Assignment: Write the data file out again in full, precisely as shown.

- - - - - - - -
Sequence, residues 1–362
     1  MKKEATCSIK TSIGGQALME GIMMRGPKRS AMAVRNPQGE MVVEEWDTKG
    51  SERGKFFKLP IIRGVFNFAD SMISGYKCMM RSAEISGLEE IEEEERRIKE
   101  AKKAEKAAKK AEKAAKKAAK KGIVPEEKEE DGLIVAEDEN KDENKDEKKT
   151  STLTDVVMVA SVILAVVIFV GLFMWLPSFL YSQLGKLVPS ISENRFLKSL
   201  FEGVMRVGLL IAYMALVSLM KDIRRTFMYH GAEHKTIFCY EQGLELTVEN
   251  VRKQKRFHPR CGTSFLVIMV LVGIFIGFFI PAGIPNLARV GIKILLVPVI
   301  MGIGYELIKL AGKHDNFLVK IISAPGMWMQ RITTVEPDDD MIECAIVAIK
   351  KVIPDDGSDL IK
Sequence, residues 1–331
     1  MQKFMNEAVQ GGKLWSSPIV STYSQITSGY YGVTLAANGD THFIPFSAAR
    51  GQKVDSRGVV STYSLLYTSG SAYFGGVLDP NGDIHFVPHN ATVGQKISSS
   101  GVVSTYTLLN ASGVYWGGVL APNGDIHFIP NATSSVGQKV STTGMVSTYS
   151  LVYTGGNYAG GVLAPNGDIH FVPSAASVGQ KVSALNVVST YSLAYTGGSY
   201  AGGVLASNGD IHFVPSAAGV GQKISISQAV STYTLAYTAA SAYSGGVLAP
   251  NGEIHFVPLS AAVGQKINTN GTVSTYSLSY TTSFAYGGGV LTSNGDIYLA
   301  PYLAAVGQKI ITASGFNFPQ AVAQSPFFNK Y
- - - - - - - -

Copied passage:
Sequence, residues 1–362
     1  MKKEATCSIK TSIGGQALME GIMMRGPKRS AMAVRNPQGE MVVEEWDTKG
    51  SERGKFFKLP IIRGVFNFAD SMISGYKCMM RSAEISGLEE IEEEERRIKE
   101  AKKAEKAAKK AEKAAKKAAK KGIVPEEKEE DGLIVAEDEN KDENKDEKKT
   151  STLTDVVMVA SVILAVVIFV GLFMWLPSFL YSQLGKLVPS ISENRFLKSL
   201  FEGVMRVGLL IAYMALVSLM KDIRRTFMYH GAEHKTIFCY EQGLELTVEN
   251  VRKQKRFHPR CGTSFLVIMV LVGIFIGFFI PAGIPNLARV GIKILLVPVI
   301  MGIGYELIKL AGKHDNFLVK IISAPGMWMQ RITTVEPDDD MIECAIVAIK
   351  KVIPDDGSDL IK
Sequence, residues 1–331
     1  MQKFMNEAVQ GGKLWSSPIV STYSQITSGY YGVTLAANGD THFIPFSAAR
    51  GQKVDSRGVV STYSLLYTSG SAYFGGVLDP NGDIHFVPHN ATVGQKISSS
   101  GVVSTYTLLN ASGVYWGGVL APNGDIHFIP NATSSVGQKV STTGMVSTYS
   151  LVYTGGNYAG GVLAPNGDIH FVPSAASVGQ KVSALNVVST YSLAYTGGSY
   201  AGGVLASNGD IHFVPSAAGV GQKISISQAV STYTLAYTAA SAYSGGVLAP
   251  NGEIHFVPLS AAVGQKINTN GTVSTYSLSY TTSFAYGGGV LTSNGDIYLA
   301  PYLAAVGQKI ITASGFNFPQ AVAQSPFFNK Y